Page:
"I would never have thought that such a storm would rise from Rome over one simple scrap of paper..." Martin Luther
Martin Luther was born during the transitional period between the Middle Ages and the Modern Ages on November 10, 1483 in the town of Eisleben, Germany. He was the son of Hans Luther and Margarete. Traditionally the family had worked on Hans father’s farm but when he died inheritance laws prevented them from taking over the farm. So they moved to Eisleben where copper mining was a growth industry. Here their second child Martin was born.
Hans worked hard in Eisleben and ended up as the owner of a small metallurgical plant. As a parent he placed heavy emphasis on religion and kept a tight hold on his children. His father wanted Martin to succeed himself in wealth, and sent his son to study law at the University of Erfurt in 1502. But fo r the deeply religious Martin, the Church's promise of salvation was irresistible - caught in a thunderstorm, terrified by the possibility of imminent death, he vowed to become a monk.
After entering the monastery, Martin works his way to becoming a priest. Several years later his order sent him to represent them on a mission to Rome. He arrived in high spirits, expecting a religious experience like no other.
In Rome he discovers that the capital of the Catholic faith is suffocated with corruption. In despair Luther finds hope in the pages of the Bible. He discovers that it is not the Church (the Catholic Church held spiritual dominion over all the nations of Europe back then), but his own faith that will guarantee salvation. With his new plan Martin turned on the Church. He specifically attacked the practice of selling indulgences in the well known 95 Theses that he nailed to the church doors. Here Luther nailed his 95 thesis to the door in 1517. The original wooden door was destroyed one of the many wars that touched Wittenburg. The King of Prussia gave this bronze door to Wittenburg with the 95 thesis inscribed on it.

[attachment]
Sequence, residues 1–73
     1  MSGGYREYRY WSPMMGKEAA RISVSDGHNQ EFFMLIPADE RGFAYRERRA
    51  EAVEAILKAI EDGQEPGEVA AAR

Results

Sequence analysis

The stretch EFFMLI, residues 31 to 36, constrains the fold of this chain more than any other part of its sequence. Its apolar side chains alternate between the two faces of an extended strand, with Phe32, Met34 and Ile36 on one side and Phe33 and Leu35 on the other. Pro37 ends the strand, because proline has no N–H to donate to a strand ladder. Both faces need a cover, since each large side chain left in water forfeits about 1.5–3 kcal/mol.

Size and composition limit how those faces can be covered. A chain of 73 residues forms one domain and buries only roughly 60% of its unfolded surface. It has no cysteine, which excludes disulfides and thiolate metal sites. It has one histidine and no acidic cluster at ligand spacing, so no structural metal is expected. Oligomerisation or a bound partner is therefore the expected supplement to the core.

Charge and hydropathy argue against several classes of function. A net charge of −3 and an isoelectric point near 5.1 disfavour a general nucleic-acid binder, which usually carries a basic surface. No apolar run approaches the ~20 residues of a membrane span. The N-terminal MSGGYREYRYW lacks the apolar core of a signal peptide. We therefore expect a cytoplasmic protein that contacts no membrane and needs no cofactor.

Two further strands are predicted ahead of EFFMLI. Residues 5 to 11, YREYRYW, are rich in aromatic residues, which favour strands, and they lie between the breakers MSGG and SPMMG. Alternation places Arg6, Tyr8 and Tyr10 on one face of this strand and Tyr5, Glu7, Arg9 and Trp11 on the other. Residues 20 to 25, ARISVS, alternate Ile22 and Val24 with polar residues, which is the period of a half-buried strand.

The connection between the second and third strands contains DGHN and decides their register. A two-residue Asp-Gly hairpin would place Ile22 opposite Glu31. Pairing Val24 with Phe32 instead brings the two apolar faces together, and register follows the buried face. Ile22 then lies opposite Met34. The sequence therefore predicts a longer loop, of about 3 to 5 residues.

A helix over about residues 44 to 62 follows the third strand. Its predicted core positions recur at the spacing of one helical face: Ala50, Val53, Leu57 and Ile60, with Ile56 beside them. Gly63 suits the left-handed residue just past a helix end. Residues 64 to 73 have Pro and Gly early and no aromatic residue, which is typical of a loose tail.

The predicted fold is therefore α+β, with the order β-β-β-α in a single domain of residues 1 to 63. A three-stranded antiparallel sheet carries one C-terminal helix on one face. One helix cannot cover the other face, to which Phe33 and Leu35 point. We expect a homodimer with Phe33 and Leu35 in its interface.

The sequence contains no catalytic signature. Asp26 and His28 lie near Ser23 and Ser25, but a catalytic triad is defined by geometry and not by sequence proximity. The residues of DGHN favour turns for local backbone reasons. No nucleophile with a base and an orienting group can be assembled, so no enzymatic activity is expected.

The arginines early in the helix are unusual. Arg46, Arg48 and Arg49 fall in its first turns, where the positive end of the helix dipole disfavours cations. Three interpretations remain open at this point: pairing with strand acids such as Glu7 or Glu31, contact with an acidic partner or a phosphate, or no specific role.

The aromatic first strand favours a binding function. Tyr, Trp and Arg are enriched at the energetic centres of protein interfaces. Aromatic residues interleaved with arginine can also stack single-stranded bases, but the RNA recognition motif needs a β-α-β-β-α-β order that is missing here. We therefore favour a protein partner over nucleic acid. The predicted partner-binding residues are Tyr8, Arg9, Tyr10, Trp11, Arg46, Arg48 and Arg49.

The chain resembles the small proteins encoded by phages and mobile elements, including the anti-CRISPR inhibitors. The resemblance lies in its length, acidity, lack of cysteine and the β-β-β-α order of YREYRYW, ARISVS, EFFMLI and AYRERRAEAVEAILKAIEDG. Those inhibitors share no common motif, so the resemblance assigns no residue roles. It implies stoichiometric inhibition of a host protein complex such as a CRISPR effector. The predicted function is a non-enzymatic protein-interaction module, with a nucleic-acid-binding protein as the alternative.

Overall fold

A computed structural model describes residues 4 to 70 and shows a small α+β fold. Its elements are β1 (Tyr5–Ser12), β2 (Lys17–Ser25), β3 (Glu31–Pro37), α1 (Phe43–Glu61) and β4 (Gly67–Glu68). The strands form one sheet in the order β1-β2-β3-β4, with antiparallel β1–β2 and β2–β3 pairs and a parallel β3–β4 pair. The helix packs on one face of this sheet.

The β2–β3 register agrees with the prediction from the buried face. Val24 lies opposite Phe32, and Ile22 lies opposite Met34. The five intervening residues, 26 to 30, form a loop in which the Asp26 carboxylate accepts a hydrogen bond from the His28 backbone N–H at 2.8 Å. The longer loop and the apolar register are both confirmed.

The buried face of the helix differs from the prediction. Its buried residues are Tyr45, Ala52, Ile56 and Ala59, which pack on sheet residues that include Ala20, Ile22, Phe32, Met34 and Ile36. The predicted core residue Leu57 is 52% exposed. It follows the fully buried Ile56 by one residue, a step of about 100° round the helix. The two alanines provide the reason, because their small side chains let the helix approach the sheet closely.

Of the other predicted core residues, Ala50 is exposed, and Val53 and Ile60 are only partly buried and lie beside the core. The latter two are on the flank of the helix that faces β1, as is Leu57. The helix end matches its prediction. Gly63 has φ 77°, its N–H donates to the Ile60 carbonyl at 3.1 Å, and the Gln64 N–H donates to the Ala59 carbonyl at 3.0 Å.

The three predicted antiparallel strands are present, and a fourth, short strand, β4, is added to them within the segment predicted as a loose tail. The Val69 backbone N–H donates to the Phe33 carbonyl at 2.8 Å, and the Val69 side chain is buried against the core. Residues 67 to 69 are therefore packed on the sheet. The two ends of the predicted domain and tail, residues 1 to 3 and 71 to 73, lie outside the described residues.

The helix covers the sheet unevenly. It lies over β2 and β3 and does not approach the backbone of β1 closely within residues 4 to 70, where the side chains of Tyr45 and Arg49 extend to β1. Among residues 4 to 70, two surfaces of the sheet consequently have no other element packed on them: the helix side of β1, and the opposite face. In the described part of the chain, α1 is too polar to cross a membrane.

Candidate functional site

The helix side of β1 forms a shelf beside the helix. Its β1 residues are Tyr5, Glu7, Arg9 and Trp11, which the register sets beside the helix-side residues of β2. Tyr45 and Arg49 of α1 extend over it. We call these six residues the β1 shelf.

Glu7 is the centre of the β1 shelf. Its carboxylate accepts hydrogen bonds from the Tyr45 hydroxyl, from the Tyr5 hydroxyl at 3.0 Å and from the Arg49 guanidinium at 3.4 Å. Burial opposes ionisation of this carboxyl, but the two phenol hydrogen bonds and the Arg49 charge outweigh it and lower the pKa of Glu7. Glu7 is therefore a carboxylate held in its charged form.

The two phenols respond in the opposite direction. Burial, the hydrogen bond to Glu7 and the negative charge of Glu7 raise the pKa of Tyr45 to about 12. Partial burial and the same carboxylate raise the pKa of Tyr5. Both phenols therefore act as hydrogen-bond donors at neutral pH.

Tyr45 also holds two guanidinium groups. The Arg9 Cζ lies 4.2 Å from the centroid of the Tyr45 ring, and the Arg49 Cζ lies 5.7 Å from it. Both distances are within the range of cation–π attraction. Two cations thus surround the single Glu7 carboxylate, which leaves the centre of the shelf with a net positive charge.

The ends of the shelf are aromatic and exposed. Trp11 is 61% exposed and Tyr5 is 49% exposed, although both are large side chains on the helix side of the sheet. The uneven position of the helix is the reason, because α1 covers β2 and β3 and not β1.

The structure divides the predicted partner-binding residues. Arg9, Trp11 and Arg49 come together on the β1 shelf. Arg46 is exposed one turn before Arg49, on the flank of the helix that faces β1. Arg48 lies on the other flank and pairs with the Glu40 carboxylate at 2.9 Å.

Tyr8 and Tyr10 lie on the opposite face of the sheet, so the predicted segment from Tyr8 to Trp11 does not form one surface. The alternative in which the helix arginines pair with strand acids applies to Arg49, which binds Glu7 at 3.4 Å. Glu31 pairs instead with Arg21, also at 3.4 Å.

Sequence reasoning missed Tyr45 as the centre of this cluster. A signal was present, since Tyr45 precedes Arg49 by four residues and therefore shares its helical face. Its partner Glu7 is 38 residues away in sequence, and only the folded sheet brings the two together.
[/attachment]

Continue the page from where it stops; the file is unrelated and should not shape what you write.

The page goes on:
Martin Luther had inadvertently chosen unavoidable conflict with what was the most powerful institution of his day, the Catholic Church. With the new revolutionary technology of the printing press Luther’s message was across all of Europe in just a few months.
After he left the Catholic Church he helped to start the Protestant church and became a professor at the University of Wittenburg. Students from various countries came to study under him. He met with strong opposition from the Church, who even named him an outlaw at the Diet of Worms. Martin Luther and others knew the Church held the power to burn them at the stake. Still his protests led to the widespread Protestant Reformation. While Luther himself would have protested against the Lutheran Church being named after him, Lutheranism might not have succeeded without the political support of the princes of Germany. These leaders used the people's support of Lutheranism in order to gain governmental sovereignty.
His influence went beyond the religious sphere, as his translation of the Bible, which is still used today, contributed greatly to a uniform written German language. No other person of this time in history influenced the world as he did. He endured the threat of severe punishment from the pope and the emperor for what he preached and proclaimed. It is said he was the greatest reformer in German history as the Reformation was unstoppable, and continued even after Luther's death. He died in1543, from a crippling heart attack and lies in the Castle Church in Wittenburg.
"When I die, I want to be a ghost...So I can continue to pester the bishops, priests and godless monks until that they have more trouble with a dead Luther than they could have had before with a thousand living ones."